The Yorkshire Film Archive collects, preserves, and shows film made in, or about Yorkshire. Our collections are non-fiction, dating from the 1890s to the present day, and providing a rich and visually compelling record of all aspects of lives, cultures, landscape, industries, major events and everyday activities, many of which are available to watch, free of charge, on our website.
This film is part of Free
Somewhere in England
A potpourri of intriguing scenes of soldiers around Kirkby Malzeard taken during WWII: exercising, marching, eating, playing croquet and generally mixing in with the locals.
From the collection of:
This is a wonderfully curious mixture of scenes taken over several years in WWII, mostly of soldiers barracked at Kirkby Malzeard. The soldiers go for a cross country run, exercise, march in combat gear, play games and are out on motorbikes, mainly in the grounds of Mowbray House, owned by the filmmaker, Sir Fred Moore. Local children also make an appearance in an impressive fancy dress parade. Even Sir Fred’s dog gets in on the act, playing in the deep snow of the 1941 winter.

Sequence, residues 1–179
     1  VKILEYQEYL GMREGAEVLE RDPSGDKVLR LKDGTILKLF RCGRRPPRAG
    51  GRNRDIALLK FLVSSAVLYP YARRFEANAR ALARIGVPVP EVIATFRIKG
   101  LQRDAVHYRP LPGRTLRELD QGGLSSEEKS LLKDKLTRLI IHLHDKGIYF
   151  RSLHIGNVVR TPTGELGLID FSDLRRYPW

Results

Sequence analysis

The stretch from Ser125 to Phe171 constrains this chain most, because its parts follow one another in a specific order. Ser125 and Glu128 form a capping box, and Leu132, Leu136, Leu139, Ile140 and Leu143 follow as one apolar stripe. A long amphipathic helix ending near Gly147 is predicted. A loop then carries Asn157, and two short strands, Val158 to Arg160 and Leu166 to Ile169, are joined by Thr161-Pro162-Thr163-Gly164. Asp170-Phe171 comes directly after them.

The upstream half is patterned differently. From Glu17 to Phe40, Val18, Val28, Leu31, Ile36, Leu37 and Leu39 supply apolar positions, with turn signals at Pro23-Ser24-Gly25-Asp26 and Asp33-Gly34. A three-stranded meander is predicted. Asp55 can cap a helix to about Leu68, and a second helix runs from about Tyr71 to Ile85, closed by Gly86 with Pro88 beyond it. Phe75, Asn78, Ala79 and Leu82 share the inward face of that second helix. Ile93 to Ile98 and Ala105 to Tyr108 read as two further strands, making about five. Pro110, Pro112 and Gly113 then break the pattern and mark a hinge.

Sir Fred Moore acquired Mowbray House, along with adjoining properties and extensive grounds, around 1921. He made several other films of family and events in Kirkby Malzeard, North Yorkshire, in the 1930s. Apparently soldiers from the Derbyshire Yeomanry arrived at a military camp on the south east side of the village in July 1939. These were joined by soldiers from the Royal Corps of Signals in October 1939. The Moordale Youth Hostel, where soldiers are seen billeted, was in the first cluster of hostels to open in 1931. It closed in 1953, the year after Sir Fred Moore sold up and left. The children in the fancy dress competition may well have been evacuees from Leeds or Brighton who stayed in Kirkby Malzeard.